For some Americans, this tax season has come with an unwelcome surprise: either a smaller-than-expected refund or, even worse, a jarring bill from Uncle Sam.
Most got their tax savings in their paychecks during the year, but the loss of a sizable refund is hitting their finances now. Some are getting refunds that are half their normal size, while others are thousands of dollars in the hole for the first time.
To manage, they are readjusting their spending plans to align with a smaller refund. People who owe are pulling from savings, taking out a loan or signing up to pay off the IRS in installments. They plan to consult with tax pros so they can avoid another money disaster next year.
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"We’re finding out that those with the biggest refund change are those that didn’t do tax planning last year,” said Lynn Ebel, director of The Tax Institute at H&R Block.
So far, according to IRS statistics, the average refund is down 8.7 percent from this time last year after the biggest tax law changes in decades. The share of returns getting a refund is also slightly lower than a year ago. The IRS doesn't offer figures about what people owe.
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That's my refund?
Americans love their tax refunds – even if they give the federal government interest-free loans for the year by having too much withheld in each of their paychecks. Many prefer the money returned to them as a big check in the spring. The forced savings helps them preserve a predictable windfall, one they can’t dip into during the year.
Past taxpayer surveys show they use that money to reduce debt, pad savings or pay for a vacation or other large purchases. Overall, about three-fourths of taxpayers get a refund, which last year averaged just under $3,000.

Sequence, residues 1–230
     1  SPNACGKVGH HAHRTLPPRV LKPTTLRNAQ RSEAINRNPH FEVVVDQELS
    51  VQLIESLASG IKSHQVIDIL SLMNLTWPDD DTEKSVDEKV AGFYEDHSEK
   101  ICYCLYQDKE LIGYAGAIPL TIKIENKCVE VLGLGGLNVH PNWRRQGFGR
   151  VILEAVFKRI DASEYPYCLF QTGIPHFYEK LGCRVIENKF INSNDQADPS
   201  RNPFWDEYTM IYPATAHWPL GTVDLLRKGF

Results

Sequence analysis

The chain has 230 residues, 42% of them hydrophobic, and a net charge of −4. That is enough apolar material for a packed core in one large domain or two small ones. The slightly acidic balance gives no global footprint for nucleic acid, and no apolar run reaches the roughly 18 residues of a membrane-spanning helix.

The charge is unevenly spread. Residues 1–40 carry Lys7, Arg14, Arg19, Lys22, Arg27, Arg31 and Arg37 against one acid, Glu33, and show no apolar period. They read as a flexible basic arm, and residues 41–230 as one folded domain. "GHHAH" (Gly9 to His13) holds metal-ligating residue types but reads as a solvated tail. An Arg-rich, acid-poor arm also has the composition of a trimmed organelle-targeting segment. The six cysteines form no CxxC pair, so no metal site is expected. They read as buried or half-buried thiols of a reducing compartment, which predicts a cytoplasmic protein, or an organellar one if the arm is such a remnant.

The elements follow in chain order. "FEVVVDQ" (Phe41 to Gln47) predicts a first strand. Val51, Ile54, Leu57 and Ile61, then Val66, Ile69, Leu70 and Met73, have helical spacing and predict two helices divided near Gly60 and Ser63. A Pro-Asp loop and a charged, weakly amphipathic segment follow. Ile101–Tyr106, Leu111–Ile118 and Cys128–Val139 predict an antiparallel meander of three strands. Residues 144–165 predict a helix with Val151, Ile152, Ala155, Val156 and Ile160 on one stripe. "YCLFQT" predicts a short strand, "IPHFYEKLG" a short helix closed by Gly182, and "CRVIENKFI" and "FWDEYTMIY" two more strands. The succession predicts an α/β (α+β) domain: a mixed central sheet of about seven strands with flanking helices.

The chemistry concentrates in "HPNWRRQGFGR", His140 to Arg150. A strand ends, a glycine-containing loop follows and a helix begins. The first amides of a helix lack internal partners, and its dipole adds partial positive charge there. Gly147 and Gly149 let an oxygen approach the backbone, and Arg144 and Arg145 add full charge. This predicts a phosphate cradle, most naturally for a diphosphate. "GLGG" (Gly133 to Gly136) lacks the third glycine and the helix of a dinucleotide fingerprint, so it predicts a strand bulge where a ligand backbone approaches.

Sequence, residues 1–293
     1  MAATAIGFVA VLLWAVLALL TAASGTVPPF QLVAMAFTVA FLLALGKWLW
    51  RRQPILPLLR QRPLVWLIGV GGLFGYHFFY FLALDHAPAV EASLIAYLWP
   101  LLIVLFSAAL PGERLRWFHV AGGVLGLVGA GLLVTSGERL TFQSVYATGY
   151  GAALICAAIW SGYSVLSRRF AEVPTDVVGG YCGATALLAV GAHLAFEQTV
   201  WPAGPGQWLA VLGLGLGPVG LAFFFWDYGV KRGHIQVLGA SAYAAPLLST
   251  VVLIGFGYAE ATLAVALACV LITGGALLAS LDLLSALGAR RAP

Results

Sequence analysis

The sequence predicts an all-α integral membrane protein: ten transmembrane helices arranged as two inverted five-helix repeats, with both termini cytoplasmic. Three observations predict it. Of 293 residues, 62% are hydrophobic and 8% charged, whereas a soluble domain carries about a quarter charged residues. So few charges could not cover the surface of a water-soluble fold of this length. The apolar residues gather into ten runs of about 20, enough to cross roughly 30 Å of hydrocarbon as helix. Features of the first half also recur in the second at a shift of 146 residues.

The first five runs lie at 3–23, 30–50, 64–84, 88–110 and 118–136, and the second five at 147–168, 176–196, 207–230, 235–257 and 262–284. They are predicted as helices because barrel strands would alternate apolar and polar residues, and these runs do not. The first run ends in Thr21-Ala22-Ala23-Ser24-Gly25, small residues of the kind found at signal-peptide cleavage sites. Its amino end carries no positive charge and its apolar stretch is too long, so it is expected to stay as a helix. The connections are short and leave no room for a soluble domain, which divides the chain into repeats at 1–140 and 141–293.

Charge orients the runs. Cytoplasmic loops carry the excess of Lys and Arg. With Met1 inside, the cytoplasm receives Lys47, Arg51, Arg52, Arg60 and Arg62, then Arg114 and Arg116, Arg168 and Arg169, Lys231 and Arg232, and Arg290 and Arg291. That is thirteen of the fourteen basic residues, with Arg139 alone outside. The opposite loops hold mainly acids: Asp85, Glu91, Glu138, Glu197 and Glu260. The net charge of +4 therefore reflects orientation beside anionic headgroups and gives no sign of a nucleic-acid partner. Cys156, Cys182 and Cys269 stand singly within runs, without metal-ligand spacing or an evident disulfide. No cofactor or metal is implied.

Jennifer and Daniel Yuen planned to use their refund to support their oldest daughter, who moved to Washington, D.C., to train with the Washington Ballet. The couple pay for her tuition and rent.
Last year, they got almost $800 back. This year, they owe more than $5,000 – a major burden for the Chicago couple.
“We’re strapped,” said Jennifer, a special-education teacher. "That's three to four months of my daughter’s rent or half of her tuition.”
Instead, they are considering a payment plan with the IRS because they can't afford to write such a big check. Those extra monthly payments will dent other plans they had for this year, too.
“This will put off the car that was supposed to replace our 11-year-old one," Jennifer said.
Who owes taxes?
Jennifer says the elimination of the unreimbursed employee expenses deduction hit their taxes hard. Both she and her husband, who is a stagehand, often spend their own money on job supplies – all of which used to be tax-deductible.
“That's what really killed us," she said.
The Yuens fit the profile of those taxpayers most at risk for smaller refunds or owing the government, Ebel said.
Homeowners in high tax states, employees with a lot of unreimbursed expenses and people who itemize with no dependents all could experience an unpleasant tax season.
Kathleen Trisdale expected to owe something this year. “Maybe a few hundred dollars,” said the resident of California, a state with high taxes.
Instead, she owes more than $2,000, a hardship for the disabled veteran, who depends on her military pension and Social Security for income.
“I actually had to take out a signature loan from my credit union to pay my taxes and had to increase my monthly deductions by $300 to make sure I'm not hit hard next year,” Trisdale said. “So not only am I hit with this tax hike, I am now more in debt and I have less income at my disposal each month.”